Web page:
Outside the Monstrum crime scene, Lara meets a Czech journalist named Luddick, who fills her in on Eckhardt, revealed to be an immortal black alchemist who leads a mysterious local organization called the Cabal, and whom Luddick believes is the Monstrum. Lara also encounters a captive Bouchard near the crime scene, who reveals Eckhardt's full plan for reviving the Nephilim. Soon after, Lara rediscovers Bouchard dead. With Luddick's assistance, Lara infiltrates the Cabal's headquarters, the Strahov, and in the process accidentally frees the Proto-Nephilim, the Cabal's unsuccessful attempt to breed a new Nephilim species. Meanwhile, Lara witnesses Eckhardt murder Luddick. She again encounters Kurtis, who locks her in a compartment while he kills the Proto-Nephilim using two Periapt Shards. Lara and Kurtis team up to stop Eckhardt assembling the Sanglyph, with Lara retrieving the final Obscura Painting buried deep beneath the Strahov. However, Lara must surrender this painting to save Kurtis, after he is captured by Eckhardt. Kurtis gives Lara his Periapt shards, but she will need a third lost shard to defeat Eckhardt, which Eckhardt has hidden in his laboratory. While Lara flees to track this shard down, Kurtis attempts to hold off an attack from Boaz, the horribly mutated remains of a fallen Cabal member. Kurtis succeeds in killing her, but is severely wounded in the process.
After retrieving the final Periapt shard, Lara discovers Eckardt in the midst of attempting to revive the Sleeper, using the Sanglyph and body parts stolen from the Monstrum's victims. She is able to stab him with two shards, but before she can deliver the final blow, she is interrupted by Eckhardt's right-hand man, Karel. Karel kills Eckhardt with the final shard, revealing that he is a Nephilim himself, and had used Eckhardt to ensure the survival of his species. He had also manipulated Lara, in the guise of Bouchard, Luddick and Kurtis, to retrieve the Obscura Paintings. He offers Lara immortality if she will help him complete the task, but Lara experiences a flashback to Von Croy’s murder, and sees that Karel, in Eckhardt's form, was the Monstrum. She refuses, retrieves the Sanglyph from Eckhardt's body, and plants it on the Sleeper, overloading it with energy and causing it to explode, taking Karel with it. In the aftermath, Lara discovers Kurtis' Chirugai blade, which directs her towards Boaz's chamber. Smiling, she heads inside.
The Angel of Darkness started development three years prior to its release under the working title Tomb Raider next generation. As part of the preparation for the game, the company conducted market research, and decided to create a new setting and story for the main character. One of the main drives behind the game was fully utilising the new platform's potential and reinventing the character of Lara Croft, including rebuilding her character model and allowing her to perform melee combat. It was the first game in the series to be made for the PlayStation 2 platform: the previous entry in the series, Tomb Raider: Chronicles, had pushed the PlayStation to its technical limits, contributing to lower review scores and sales than previous titles in the series. Core Design separated into two teams, with a new team working on Angel of Darkness and series regulars on Tomb Raider: Chronicles. After the completion of Tomb Raider: Chronicles, lead programmer Richard Morton came over and found that the new team had gone off the rails, scrapping the entire project once already and completing only the game's basic story. The developers later admitted to being overambitious. Jonell Elliott returned as the voice of Lara Croft. This would be the last time she provided the voice, with Keeley Hawes taking over for Tomb Raider: Legend.
Among the goals of the team for Angel of Darkness were to create more complicated puzzles and make the character of Lara Croft, together with the tone of the game, darker and more hard-edged. They also wished to compete with some of the newer action-adventure games on the market, which were providing heavy competition, and include gameplay ideas from Shenmue and the Metal Gear series. Many character movements were drawn from and based directly on movements made by real people, similar to later motion capture techniques, and the world design drew from various artists and elements of films from the likes of Luc Besson and David Fincher. Murti Schofield, who had previously worked with Core Design, was brought in to write the story and script. As part of writing the background for the organisations involved in the story, he researched historical secret societies and artefacts, and accurate translations of Latin text incorporated into the game. Schofield created the character Kurtis Trent upon a request for someone who could become the focus of a spin-off franchise. Core spent two years trying to reshape the franchise as well as writing a back story in the form of a book separated into multiple chapters, with Angel of Darkness being the first of those chapters.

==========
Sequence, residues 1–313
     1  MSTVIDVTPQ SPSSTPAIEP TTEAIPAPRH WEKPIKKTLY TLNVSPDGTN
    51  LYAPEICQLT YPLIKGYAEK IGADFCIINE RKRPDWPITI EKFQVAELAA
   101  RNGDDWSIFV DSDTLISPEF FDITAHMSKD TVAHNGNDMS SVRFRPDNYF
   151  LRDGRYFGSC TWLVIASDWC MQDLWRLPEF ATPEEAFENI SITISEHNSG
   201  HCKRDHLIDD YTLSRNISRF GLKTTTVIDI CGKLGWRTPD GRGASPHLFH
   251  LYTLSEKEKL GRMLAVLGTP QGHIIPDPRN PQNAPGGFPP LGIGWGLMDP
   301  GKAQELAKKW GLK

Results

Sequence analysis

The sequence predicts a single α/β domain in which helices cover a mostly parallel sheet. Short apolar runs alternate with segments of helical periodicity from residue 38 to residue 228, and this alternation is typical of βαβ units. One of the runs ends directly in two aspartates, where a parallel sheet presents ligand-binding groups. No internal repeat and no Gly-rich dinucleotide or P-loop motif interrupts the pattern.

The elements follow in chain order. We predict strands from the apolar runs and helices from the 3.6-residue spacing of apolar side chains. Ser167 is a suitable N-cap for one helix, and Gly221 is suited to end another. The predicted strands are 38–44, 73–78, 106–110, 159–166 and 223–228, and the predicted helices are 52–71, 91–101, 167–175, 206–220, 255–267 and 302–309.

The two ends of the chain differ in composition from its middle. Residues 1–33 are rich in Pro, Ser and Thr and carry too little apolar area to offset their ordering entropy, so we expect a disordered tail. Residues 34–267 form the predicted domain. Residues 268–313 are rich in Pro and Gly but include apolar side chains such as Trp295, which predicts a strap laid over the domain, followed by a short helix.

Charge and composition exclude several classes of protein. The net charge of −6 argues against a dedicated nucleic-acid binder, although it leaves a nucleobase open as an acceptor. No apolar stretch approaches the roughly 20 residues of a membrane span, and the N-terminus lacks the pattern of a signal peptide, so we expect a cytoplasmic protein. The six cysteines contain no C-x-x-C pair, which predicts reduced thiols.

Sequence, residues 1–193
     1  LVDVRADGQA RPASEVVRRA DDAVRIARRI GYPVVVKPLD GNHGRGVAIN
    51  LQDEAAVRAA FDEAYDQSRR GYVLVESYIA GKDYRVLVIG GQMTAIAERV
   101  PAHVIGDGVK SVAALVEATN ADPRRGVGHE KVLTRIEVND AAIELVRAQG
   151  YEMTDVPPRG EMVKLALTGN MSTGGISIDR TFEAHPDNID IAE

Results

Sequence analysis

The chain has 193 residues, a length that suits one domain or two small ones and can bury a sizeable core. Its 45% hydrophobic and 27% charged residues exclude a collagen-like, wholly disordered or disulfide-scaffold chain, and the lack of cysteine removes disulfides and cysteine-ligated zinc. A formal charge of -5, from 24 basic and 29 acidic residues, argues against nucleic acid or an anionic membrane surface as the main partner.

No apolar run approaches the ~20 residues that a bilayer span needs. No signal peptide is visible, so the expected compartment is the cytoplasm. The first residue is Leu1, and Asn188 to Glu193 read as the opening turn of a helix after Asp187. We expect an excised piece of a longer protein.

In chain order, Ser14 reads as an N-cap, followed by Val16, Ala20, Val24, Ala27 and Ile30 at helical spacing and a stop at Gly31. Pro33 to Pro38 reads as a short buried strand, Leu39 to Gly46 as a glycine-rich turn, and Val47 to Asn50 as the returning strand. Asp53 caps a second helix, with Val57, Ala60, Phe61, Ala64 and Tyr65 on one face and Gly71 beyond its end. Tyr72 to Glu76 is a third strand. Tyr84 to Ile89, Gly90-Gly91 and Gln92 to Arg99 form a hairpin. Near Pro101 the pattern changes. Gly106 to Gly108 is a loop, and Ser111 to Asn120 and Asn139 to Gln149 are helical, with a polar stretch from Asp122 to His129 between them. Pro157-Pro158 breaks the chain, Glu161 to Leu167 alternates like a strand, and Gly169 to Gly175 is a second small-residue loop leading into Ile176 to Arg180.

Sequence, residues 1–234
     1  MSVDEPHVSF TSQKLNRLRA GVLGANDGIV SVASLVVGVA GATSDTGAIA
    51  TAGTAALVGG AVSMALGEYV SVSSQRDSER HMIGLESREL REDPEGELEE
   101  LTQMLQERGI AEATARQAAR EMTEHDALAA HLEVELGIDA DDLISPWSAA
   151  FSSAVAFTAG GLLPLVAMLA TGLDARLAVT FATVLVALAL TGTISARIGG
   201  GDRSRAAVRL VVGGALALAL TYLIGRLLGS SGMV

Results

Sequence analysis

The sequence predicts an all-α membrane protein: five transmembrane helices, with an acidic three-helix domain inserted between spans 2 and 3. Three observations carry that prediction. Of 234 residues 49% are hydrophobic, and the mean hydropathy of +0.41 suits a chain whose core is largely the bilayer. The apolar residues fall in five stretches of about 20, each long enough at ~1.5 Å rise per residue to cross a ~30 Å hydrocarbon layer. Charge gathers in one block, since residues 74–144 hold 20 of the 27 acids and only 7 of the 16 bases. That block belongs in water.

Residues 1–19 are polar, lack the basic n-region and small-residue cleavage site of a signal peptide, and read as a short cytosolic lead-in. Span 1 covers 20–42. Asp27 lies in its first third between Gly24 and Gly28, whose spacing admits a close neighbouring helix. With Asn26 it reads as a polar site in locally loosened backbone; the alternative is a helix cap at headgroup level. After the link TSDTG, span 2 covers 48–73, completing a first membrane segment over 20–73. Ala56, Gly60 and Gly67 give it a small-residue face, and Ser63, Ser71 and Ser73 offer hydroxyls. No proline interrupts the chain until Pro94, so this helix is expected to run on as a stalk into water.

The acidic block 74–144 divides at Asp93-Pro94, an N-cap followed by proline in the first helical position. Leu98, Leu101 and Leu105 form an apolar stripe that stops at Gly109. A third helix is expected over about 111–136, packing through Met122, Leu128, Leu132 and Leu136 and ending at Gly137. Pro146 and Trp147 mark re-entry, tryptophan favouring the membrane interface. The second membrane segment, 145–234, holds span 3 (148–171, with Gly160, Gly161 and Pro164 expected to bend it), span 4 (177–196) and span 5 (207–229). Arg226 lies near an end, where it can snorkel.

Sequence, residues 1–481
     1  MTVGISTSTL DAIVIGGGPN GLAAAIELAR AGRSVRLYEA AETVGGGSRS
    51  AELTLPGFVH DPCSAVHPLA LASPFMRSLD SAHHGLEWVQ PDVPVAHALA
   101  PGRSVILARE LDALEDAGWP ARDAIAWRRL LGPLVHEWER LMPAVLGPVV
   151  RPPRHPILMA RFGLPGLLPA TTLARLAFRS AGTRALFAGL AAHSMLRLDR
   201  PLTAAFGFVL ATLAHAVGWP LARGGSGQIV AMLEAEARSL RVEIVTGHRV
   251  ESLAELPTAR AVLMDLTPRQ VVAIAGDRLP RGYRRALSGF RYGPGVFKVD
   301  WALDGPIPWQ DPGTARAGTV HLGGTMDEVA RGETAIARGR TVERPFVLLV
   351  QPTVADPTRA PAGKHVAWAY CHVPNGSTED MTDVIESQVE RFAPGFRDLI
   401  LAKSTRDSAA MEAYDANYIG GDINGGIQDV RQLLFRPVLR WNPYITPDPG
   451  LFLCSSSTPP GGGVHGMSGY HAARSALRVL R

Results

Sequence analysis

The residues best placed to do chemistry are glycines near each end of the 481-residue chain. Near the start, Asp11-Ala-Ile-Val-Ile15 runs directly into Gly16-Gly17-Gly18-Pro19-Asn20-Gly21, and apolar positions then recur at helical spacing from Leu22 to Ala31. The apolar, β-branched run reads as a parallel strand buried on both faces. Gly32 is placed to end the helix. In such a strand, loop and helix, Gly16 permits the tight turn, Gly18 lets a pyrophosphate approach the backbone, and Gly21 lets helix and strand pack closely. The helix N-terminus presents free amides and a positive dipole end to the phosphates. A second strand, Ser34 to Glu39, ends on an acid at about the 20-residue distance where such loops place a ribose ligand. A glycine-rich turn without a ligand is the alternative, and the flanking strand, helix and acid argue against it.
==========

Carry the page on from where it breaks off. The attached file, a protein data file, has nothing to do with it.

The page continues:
The Angel of Darkness was unveiled under its official name in March 2002, with a fuller demonstration appearing at E3 that year. Problems with the game were sensed at an early stage, as Heath-Smith forgot himself and began swearing at the game while trying to demonstrate the opening level at a buyer's conference. A release date was announced for November 2002, but the game got delayed into spring 2003. Eidos believed The Angel of Darkness would benefit from additional marketing support from Lara Croft: Tomb Raider – The Cradle of Life, the sequel to the original 2001 film. Despite the delays, the company pushed Core Design to release the game in time for the marketing support. In order to meet the deadline, areas of the game containing key narrative elements had to be cut; one of the losses was the explanation of how the character survived the events of The Last Revelation. Among other concepts that needed to be cut were two further locations, character animations, sound bites, and unique gameplay elements involving Kurtis. Some completed environmental assets also ended up being cut by mistake. Some of those elements were also deliberately left out by the team, who wished to bring them into future games. The team at Core Design later said that they felt Eidos forced them to get the game out before it was ready. The game was also reportedly submitted eight times to Sony before its release. The game went gold on 18 June 2003, two days before its original release date, although there was some confusion as the game had reportedly gone gold on 2 June. The game was finally released in the summer of 2003, alongside The Cradle of Life.